Jason Jackson knew he needed hip replacement surgery.
He was diagnosed with avascular necrosis, which disrupts the blood supply to the bone, causing bone breakdown. As a result, Jason’s pain forced him to use a cane to get around. The only way to stop his pain was to replace his hip joint.
“When my hips started giving out, I thought I’d never walk again,” says Jason. But within two years, both of Jason’s hips were replaced, reducing his pain and restoring his active lifestyle. Michael Welker, MD, Kettering Health Network orthopedic surgeon, performed both total joint hip replacements using the anterior incision approach.
“Dr. Welker was amazing and helped take away my fear,” says Jason. “He helped me know what to expect and took the time to listen to me. And the hospital made me feel like I was their only patient.”
Jason’s post-operative recovery was minimal because the hip replacement was performed through an anterior approach, which goes through less muscle than other procedures.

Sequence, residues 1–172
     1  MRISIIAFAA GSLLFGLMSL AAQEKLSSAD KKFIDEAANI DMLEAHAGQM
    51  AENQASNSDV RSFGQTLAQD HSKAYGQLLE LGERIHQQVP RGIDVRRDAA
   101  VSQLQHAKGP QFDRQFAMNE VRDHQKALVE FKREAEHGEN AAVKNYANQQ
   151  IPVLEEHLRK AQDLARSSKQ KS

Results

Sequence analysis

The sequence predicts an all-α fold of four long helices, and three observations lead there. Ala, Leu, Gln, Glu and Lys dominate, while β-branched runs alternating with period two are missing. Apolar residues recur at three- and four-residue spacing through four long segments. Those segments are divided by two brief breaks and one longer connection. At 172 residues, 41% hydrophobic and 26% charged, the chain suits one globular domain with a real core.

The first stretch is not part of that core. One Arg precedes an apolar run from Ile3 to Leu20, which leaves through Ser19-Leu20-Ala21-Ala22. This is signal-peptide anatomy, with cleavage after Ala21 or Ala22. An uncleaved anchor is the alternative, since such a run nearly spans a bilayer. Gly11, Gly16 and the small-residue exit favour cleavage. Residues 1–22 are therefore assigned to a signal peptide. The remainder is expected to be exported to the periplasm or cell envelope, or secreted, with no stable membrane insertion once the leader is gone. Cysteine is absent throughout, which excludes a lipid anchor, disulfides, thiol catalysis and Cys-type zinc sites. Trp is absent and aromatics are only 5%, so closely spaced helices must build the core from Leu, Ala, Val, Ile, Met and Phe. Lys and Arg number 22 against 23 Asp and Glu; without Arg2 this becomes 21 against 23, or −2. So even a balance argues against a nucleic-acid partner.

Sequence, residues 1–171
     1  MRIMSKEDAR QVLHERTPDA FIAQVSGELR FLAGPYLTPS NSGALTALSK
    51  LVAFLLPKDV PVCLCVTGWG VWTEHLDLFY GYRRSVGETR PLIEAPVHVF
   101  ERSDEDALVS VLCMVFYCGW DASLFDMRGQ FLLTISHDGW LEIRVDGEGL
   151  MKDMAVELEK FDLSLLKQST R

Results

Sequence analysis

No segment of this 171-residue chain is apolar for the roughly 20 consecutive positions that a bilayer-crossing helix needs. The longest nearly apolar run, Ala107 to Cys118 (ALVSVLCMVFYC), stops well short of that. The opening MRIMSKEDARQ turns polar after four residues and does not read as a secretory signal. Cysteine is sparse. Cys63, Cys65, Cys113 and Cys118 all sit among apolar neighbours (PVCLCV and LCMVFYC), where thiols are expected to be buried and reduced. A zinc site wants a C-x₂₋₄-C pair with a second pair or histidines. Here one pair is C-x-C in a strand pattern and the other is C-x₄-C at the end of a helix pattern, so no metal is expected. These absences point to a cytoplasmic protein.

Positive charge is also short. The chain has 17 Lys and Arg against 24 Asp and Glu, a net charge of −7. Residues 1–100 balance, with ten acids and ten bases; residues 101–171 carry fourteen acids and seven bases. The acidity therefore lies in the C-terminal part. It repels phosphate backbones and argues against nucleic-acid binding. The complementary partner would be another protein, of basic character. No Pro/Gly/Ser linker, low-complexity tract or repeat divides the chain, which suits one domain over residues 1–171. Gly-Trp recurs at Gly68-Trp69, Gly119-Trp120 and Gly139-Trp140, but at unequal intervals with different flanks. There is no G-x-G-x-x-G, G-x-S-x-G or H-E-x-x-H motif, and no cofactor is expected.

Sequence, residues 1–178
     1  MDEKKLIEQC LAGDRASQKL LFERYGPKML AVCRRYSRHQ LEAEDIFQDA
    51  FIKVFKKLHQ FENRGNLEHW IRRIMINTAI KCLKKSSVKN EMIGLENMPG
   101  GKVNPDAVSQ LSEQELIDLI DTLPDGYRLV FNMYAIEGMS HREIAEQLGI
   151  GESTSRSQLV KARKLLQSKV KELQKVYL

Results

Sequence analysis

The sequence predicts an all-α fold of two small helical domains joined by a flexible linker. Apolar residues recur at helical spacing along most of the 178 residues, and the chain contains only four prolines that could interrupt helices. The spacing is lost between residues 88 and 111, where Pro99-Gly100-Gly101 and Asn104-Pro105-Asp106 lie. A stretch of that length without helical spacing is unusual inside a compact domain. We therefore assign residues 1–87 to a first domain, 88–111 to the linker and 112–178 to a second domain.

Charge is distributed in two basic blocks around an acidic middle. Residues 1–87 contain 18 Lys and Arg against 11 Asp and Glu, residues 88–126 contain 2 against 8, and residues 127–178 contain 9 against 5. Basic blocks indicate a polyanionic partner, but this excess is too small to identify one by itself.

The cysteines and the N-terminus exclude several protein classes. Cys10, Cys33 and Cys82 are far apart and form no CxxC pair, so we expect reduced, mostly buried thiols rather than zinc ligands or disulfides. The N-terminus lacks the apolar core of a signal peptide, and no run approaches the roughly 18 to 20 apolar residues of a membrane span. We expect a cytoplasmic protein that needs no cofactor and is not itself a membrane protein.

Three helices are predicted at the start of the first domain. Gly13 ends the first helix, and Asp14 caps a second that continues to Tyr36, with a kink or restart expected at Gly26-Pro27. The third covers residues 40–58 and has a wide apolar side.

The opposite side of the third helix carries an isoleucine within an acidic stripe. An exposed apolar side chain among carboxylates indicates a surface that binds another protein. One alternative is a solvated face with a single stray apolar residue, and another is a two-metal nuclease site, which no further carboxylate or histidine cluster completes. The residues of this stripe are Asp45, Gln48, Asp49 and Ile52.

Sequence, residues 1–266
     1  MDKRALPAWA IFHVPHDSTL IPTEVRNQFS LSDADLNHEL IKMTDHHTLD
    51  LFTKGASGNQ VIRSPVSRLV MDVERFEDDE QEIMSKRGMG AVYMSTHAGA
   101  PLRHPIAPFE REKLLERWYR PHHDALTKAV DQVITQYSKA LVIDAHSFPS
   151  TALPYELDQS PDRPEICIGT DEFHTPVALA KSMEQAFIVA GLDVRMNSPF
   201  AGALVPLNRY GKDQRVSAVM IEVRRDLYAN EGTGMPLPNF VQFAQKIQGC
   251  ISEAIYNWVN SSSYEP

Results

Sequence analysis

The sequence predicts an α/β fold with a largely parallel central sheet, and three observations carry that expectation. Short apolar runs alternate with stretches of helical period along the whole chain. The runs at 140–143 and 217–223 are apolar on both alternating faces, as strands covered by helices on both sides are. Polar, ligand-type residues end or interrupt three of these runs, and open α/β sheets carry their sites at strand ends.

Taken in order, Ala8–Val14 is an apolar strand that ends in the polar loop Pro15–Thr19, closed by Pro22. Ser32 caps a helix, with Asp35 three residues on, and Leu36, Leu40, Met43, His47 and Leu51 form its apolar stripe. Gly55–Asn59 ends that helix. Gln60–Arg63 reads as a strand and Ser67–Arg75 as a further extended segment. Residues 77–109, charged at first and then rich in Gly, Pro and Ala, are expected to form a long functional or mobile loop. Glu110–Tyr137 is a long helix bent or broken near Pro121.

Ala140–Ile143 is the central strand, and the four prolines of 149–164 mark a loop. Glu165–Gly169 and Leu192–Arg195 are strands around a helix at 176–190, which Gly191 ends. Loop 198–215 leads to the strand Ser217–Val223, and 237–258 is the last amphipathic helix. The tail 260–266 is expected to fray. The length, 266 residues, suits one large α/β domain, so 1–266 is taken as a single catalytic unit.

“However, not everyone is a candidate,” says Dr. Welker. “Jason was a perfect candidate for anterior hip replacement. He is young and wanted to get back to activity as soon as possible. The anterior approach gave him a faster rehab because it causes less soft tissue damage.”
After Jason’s second hip replacement, his rehab was complete in just three weeks. Even for candidates older than Jason, the anterior approach offers reduced recovery time.
“I am thankful to be active with my family again. No cane, no crutches, and I have a pain-free life,” says Jason. “I can walk around King’s Island with my kids—and not be in pain.”
Jason not only walks without pain, he is returning to some of his favorite activities. “I’m back out on the green playing golf,” he says.
4 POINTS TO PONDER
When selecting your surgeon and hospital for joint surgery, you want the best. Consider these crucial points: